Tiger's Bridgestone win won't silence critics

By Will GrayAugust 5, 2013, 6:40 pm

AKRON, Ohio – There might be a better way to head into the week of a major championship, but you’d be hard-pressed to find it.

Fresh off his seven-shot victory at the WGC-Bridgestone Invitational, Tiger Woods will now make the short commute to Rochester, N.Y., for the PGA Championship, equipped with as much momentum as you could possibly extract from four rounds against the best players in the world.

A winner five times this year, Woods will tee off at the season’s final major as the top-ranked player in the world, leading the PGA Tour this year in wins, earnings, FedEx Cup points, scoring average and the all-around ranking.

“But …”

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It’s an inevitable refrain when discussing any of Woods’ achievements since the summer of 2008. For as many as will now laud the 79-time Tour winner for his recent play, an opposing faction – equally fervent, equally resilient – will demand to see it done on a major stage.

Welcome to the life of Tiger Woods, where lapping an elite field in a WGC event and taking home the $1.5 million winner’s check in the process does nothing to sate your doubters.

Whether right or wrong, golf’s major championships are placed in a stratosphere unto themselves, as are the performances of players in those events. Woods himself has supported this notion on multiple occasions, once again highlighting their importance in his Sunday post-round news conference.

“Those are the events that we try and peak for and try and win,” he explained after walking off the 18th green at Firestone victoriously for the eighth time in his career. “There’s four of them a year.”

With all facets of his game seemingly aligned and with trophy once again in hand, all signs appear to point to Woods claiming a 15th major title six days from now.

“But …”

The dissenters quickly point out we’ve been down this road before. Woods has won his final start before a major 19 times in his career, and has gone on to win the subsequent major “only” four times (as though a cross-section of data that yields the career major haul of Ernie Els could ever be viewed as a pittance).

More recently, though, the scenario has created fewer results. Woods began three of the past seven majors having won in his prior start, but all he has to show for it is a Dropgate-shrouded tie for fourth this year at the Masters. In 2009, he won prior to each of the season’s four majors and came up empty-handed all four times.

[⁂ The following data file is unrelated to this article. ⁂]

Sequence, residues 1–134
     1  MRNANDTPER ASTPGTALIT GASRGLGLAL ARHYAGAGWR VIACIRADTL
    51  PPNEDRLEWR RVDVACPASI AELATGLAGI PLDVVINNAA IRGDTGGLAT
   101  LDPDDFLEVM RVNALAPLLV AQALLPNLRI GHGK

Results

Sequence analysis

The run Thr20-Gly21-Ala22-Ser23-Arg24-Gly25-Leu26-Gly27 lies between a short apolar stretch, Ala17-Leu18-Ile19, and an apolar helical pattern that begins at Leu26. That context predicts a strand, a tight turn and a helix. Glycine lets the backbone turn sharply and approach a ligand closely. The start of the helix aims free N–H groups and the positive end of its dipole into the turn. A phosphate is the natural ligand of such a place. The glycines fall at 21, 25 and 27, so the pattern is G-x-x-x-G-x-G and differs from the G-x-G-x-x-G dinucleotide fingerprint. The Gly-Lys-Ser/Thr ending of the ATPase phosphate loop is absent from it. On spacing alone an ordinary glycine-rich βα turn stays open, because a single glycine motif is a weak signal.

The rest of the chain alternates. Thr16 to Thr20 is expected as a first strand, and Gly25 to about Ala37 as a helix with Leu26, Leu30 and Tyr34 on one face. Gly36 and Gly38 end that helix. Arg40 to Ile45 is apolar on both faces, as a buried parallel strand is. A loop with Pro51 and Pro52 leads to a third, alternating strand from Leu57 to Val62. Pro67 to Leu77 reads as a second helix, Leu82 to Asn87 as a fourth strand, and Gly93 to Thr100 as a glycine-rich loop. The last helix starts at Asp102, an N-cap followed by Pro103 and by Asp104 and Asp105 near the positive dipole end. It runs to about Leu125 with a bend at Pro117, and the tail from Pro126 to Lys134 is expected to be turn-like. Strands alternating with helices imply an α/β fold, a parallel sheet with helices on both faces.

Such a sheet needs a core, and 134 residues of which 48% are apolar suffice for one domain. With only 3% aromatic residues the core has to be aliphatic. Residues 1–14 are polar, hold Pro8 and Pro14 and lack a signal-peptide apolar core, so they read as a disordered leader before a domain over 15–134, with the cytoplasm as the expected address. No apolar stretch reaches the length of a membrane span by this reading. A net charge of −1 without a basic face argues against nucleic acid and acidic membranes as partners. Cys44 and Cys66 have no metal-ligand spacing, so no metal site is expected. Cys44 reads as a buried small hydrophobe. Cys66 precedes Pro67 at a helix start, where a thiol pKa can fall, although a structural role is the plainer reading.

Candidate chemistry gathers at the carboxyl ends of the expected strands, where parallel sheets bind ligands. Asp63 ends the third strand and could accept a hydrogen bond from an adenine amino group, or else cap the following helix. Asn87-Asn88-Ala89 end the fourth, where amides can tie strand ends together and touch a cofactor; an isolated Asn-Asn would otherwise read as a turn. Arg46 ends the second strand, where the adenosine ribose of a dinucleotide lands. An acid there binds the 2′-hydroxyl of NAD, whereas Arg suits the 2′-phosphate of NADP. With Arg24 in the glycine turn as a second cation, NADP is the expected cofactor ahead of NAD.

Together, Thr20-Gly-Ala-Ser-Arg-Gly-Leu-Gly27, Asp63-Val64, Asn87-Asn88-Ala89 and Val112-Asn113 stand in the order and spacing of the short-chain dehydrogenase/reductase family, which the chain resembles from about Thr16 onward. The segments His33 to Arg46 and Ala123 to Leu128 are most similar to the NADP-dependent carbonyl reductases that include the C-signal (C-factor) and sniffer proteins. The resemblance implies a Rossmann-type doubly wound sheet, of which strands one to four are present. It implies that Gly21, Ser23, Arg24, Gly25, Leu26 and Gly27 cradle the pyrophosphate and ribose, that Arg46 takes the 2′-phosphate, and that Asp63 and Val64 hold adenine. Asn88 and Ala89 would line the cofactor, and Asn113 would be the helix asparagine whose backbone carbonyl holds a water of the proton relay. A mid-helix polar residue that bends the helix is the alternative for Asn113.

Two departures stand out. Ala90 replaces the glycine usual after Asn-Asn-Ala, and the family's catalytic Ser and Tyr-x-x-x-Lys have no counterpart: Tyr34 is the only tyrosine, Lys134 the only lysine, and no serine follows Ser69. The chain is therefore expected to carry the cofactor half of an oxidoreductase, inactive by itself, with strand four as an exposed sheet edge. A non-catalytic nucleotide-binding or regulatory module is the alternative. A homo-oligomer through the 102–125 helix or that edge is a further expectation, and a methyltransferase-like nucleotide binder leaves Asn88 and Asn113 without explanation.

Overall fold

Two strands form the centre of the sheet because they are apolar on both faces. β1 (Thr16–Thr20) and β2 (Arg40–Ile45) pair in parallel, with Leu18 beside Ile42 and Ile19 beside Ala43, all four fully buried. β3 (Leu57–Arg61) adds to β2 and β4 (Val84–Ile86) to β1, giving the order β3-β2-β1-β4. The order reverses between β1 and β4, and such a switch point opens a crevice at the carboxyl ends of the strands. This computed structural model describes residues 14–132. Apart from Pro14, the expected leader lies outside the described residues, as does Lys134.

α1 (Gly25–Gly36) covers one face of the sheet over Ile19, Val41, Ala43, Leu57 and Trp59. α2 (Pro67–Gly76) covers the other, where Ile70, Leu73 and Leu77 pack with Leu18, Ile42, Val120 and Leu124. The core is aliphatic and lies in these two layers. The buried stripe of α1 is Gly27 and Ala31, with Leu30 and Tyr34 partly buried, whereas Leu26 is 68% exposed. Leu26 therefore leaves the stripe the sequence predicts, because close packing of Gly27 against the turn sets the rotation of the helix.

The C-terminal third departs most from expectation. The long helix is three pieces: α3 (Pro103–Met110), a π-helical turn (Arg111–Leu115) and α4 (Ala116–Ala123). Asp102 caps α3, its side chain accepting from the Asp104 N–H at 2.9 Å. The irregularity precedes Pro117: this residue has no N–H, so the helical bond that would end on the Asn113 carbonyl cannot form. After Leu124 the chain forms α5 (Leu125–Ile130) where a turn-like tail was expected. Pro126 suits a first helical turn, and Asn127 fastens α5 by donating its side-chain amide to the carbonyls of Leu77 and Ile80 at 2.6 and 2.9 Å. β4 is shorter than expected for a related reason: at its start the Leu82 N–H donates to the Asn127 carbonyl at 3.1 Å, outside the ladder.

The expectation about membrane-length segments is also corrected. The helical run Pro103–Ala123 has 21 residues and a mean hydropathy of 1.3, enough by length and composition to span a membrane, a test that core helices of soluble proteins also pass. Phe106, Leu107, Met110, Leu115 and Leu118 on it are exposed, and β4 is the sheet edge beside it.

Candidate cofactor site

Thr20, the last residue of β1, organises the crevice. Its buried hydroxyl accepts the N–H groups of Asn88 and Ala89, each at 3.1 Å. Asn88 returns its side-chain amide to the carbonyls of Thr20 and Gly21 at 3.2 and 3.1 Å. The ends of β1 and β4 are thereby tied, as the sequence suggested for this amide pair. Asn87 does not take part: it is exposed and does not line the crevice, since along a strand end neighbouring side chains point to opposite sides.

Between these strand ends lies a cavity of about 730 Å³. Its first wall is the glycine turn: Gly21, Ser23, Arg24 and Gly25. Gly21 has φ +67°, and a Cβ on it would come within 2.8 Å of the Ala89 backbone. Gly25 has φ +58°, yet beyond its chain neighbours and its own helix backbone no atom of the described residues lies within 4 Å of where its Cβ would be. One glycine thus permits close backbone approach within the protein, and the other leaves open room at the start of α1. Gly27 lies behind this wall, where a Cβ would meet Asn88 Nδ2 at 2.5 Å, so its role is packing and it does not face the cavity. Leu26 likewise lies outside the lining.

This past week in Akron, though, felt different. It felt dominant. Woods awoke the ghosts of Pebble Beach circa 2000 with his Friday 61, five shots clear of the day’s next-lowest total, then successfully kept the field at arm’s length across the final 36 holes.

His performance this weekend also drew parallels to 2007, a year in which he cleared the field at the South Course by eight shots. He followed that effort up a week later by cruising to a two-shot victory at the PGA Championship at Southern Hills.

“Performance-wise, yeah. Scoring-wise, yeah,” Woods noted when asked if he saw any similarities between his win six years ago and his most recent triumph.

In fact, while the 37-year-old has won before a major several times, this will mark only the fourth instance where he has won exactly one week prior, with the three other occurrences each yielding strong results. In addition to the aforementioned double in 2007, Woods also notched runner-up finishes at the 2002 and 2009 PGA Championships immediately after wins at the Buick Open and WGC-Bridgestone, respectively.

With the top-ranked player in the world clearly rounding into form, this week’s PGA Championship is not lacking for storylines. While Woods’ quest for major No. 15 remains chief among them, three of the next four players in the world rankings behind him have major titles to their credit this season, including British Open champion and world No. 2 Phil Mickelson.

For Woods, though, the repercussions of the next few days cannot be overstated. While he appeared unbeatable for much of the weekend at Firestone, an errant shot or an afternoon spent struggling on the greens could easily result in a missed opportunity in Rochester. That, in turn, would lead to eight months of rampant speculation, with no end in sight until players drive down Magnolia Lane next spring.

The finality of the season’s fourth major can, in that regard, be brutal.

“Do I want it any more? No, it’s the same,” he said Sunday when asked if this week’s upcoming event carries with it an added sense of urgency. “Each and every major, I always want them.”